The benefits of cycling will hopefully be familiar to Camcycle readers – quick and easy zero-emission transport, physical and mental health benefits and a planet-friendly way to commute and see the world.
I’d like to promote similar benefits from the dark and oily side of cycling – that there’s great pleasure (and yes a few frustrations) from learning how to maintain and repair your bike. Learning how these lovely machines work and being able to maintain them complements the pleasure of actually riding.
Modern cars are actively hostile to DIY maintenance and repair – without off-street parking, a laptop and an extensive toolbox you’ll get nowhere. Bikes, however, are still simple enough that a few cheap tools will let you maintain your bike for comfort and safety and give you the pleasure of knowing how something works. A kitchen table, back yard or strip of pavement are all you need.
The author of Zen and the Art of Motorcycle Maintenance, the late, great Robert M. Pirsig, wrote: ‘The Buddha, the Godhead, resides quite as comfortably in the circuits of a digital computer or the gears of a cycle transmission as he does at the top of the mountain, or in the petals of a flower. To think otherwise is to demean the Buddha – which is to demean oneself.’
Pirsig was writing about motorbikes – but the message is the same – the precision and elegance of a bicycle’s mechanisms are quite beautiful in their own way, and worthy of your attention. My professional life is ‘brain work’ and my inexpert fumbling with bits of rusty bikes provide a great antidote to the stresses of the office – it’s easy to find the fabled ‘flow’ in which time stops and you are mindfully engaged in the moment.
As with most adventures in life there are frustrations on the way. You will strip the thread of a rusty bolt, graze your knuckles on a slipped spanner and swear profusely at a seized joint. But at a gentle pace you can gain confidence in the tasks you are comfortable to do.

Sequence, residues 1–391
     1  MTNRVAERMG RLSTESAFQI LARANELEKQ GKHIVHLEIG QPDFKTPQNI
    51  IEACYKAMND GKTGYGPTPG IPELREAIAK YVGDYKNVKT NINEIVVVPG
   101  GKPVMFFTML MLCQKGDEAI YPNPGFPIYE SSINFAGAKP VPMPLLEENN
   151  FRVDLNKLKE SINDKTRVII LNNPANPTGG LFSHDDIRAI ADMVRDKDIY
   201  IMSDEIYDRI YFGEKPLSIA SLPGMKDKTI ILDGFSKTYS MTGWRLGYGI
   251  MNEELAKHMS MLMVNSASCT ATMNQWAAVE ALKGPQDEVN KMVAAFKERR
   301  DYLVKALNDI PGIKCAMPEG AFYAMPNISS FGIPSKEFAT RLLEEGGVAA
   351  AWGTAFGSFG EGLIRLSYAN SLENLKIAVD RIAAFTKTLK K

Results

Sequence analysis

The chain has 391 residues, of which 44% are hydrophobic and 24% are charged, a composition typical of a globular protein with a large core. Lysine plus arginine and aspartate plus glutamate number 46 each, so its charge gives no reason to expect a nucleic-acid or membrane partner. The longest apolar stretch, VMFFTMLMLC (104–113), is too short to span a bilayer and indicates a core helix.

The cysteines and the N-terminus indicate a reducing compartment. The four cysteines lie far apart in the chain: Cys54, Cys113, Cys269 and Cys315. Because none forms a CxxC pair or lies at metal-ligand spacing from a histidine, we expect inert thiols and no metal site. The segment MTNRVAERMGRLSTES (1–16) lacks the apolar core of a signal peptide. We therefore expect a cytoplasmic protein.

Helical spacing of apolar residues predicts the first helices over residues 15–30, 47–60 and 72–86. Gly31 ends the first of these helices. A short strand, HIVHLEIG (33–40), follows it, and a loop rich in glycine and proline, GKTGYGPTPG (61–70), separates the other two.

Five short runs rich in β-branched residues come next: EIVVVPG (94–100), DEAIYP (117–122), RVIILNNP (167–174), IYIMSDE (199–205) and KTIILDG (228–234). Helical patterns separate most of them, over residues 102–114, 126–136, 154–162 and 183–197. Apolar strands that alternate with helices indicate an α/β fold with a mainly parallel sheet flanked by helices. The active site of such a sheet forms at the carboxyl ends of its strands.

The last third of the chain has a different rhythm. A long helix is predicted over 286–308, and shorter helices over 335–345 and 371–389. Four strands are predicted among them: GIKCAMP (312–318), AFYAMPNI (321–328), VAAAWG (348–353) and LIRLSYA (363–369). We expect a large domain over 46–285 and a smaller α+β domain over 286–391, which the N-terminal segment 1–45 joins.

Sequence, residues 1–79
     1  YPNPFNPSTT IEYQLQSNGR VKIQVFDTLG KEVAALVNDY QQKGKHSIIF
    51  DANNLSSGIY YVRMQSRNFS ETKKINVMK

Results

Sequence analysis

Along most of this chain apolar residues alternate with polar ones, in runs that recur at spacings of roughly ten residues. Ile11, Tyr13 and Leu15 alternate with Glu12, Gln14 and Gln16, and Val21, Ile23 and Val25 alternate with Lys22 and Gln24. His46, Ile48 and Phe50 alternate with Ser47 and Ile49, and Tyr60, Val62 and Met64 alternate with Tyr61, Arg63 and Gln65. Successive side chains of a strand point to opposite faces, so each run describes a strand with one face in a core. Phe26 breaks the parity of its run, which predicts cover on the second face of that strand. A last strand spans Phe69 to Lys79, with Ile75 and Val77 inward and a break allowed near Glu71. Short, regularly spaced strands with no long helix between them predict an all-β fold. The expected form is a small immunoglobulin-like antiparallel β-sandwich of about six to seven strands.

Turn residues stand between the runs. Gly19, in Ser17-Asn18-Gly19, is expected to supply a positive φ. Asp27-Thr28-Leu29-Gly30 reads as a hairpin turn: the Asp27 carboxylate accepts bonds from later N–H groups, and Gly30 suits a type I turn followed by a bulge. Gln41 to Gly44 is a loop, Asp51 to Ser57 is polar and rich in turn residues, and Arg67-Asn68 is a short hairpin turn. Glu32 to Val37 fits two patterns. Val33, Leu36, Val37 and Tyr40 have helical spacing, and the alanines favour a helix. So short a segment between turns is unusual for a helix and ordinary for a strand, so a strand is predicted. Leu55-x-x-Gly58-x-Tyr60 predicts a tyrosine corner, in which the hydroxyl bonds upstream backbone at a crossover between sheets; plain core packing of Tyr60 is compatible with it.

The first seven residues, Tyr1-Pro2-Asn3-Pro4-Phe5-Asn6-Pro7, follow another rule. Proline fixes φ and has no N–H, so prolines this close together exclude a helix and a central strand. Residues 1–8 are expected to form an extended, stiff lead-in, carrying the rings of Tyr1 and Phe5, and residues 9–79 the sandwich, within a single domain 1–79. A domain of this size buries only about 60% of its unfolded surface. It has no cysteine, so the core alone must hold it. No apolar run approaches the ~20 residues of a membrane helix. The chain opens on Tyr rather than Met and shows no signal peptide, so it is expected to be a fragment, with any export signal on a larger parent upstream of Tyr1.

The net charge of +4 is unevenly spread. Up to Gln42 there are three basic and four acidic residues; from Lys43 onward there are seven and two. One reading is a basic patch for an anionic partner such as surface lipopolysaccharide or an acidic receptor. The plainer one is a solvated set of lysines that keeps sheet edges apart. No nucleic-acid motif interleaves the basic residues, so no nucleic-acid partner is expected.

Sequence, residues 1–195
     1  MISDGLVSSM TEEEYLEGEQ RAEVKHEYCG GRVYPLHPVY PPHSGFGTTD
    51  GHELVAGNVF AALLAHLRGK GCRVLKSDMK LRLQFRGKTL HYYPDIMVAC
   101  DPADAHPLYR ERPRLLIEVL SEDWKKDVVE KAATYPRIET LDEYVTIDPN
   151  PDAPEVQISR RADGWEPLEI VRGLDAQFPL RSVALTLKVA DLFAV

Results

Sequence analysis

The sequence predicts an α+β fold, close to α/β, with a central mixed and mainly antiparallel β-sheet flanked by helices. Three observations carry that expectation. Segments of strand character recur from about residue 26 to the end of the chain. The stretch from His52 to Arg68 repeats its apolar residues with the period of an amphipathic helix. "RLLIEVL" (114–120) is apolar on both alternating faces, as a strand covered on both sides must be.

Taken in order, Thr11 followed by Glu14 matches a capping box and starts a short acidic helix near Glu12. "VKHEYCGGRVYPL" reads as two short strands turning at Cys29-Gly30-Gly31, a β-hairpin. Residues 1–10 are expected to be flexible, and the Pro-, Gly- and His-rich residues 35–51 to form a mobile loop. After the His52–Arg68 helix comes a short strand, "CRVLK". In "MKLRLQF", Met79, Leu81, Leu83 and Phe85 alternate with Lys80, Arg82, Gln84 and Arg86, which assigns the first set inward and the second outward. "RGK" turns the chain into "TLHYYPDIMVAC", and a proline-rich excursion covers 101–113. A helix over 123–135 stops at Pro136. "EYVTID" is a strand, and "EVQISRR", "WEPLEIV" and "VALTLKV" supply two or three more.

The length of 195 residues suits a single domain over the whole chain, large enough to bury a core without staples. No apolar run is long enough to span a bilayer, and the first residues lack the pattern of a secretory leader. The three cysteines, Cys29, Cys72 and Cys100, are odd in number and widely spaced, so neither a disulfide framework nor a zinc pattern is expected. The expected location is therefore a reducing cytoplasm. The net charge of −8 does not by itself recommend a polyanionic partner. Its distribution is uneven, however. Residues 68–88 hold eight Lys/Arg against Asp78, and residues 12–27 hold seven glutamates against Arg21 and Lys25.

As a methodology (sounds fancy) I recommend just learning how to disassemble and reassemble a ‘thing’ in the first instance. If you can successfully remove and replace a wheel (or whatever) you are well on the way to being able to fix it.
In practical terms, you can start with the simplest of tasks – oiling a chain, replacing worn brake-blocks or a bald tyre. YouTube has a wealth of ‘how to’ videos on every aspect of bike maintenance.
You can start with the basic ‘spanners and oil’ and add more specialised tools only as and when you need them. DIY and hardware stores can furnish you with basic tools for less than £20. My two top tips are ball-ended allen keys (4, 5 and 6mm will fit most things on a modern bike). And when you remove rusty nuts and bolts then excellent stores such as Mackays of East Road will, for pennies, sell you stainless-steel replacements that will last for years (other hardware stores are available).
Pirsig again: ‘The test of the machine is the satisfaction it gives you. There isn’t any other test. If the machine produces tranquillity it’s right. If it disturbs you it’s wrong until either the machine or your mind is changed.’
So this summer, take a good cup of coffee of a morning (or a cold beer of an evening), flip that trusty bike over and have a look and a listen for what it needs to safely and enjoyably transport you for the rest of the year.
I’m not a Buddhist or religious in any way, but I contend that learning to look after your two-wheeled friend can be a pleasurable and even meditative experience – my final quote from Pirsig – ‘The real cycle you’re working on is a cycle called yourself.’
Ed is a commuting cyclist and very amateur bike technician. He was delighted recently to rebuild a complete bike and find that nothing fell off or jammed after a short ride. There were several important-looking bits left over though. Feedback welcome via Twitter @edwooduk